Corrective phosphate application as a practice for reducing oxidative stress and increasing productivity in sugarcane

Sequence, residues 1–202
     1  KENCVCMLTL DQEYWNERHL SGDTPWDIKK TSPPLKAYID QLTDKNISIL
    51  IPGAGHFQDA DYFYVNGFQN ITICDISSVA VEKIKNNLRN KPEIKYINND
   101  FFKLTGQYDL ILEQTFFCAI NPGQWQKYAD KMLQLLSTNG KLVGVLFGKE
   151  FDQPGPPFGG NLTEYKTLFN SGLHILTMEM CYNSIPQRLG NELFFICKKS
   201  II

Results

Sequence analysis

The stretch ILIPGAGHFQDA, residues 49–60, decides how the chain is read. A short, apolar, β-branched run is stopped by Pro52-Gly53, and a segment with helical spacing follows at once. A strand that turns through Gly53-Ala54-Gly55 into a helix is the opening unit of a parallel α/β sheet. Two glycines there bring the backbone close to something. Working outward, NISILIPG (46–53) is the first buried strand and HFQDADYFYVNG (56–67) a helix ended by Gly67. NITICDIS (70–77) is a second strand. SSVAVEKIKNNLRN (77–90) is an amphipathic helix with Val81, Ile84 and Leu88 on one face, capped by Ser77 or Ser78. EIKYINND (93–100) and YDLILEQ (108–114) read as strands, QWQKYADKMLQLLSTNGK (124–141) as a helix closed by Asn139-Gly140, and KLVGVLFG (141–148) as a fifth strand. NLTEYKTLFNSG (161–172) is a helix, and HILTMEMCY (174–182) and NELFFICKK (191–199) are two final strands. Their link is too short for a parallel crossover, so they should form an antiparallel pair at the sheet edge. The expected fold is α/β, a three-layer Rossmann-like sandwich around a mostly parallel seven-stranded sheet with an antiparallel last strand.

ABSTRACT Corrective phosphate application increases the levels of phosphorus (P) in the surface layer of the soil, stimulates plant root growth and increases the volume of soil exploited for water and nutrient uptake, which may reduce abiotic oxidative stress in sugarcane. The aim of this study was to evaluate the productivity and the response of the antioxidant enzyme system in sugarcane when grown in soil that received corrective phosphate application, using doses and sources of P of varying solubility. The experiment was conducted under field conditions in the southern Forest Zone of the State of Pernambuco, Brazil. The treatments were arranged in a randomised block design, in a (4 × 3) +1 factorial scheme with four replications. The factors consisted of a control (with no phosphate application) and the doses (50, 100, 200 and 300 kg P2O5 ha-1 ) and sources (reactive natural phosphate, triple superphosphate and sugarcane press mud) of P applied during the pre-planting stage of the plant cane cycle. The P content of the leaf tissue was considered adequate, and was not influenced by the phosphate application. Phosphate application at an estimated dose of 150 kg P2O5 ha-1 reduced antioxidant enzyme activity and increased shoot dry matter (SDM) by 25.0% and stalk productivity by 8.5%. Superoxide dismutase (SOD) showed the highest positive correlation coefficient with the other antioxidant enzymes, and a negative correlation with SDM, and can be used to evaluate abiotic stress that promotes reductions in sugarcane productivity.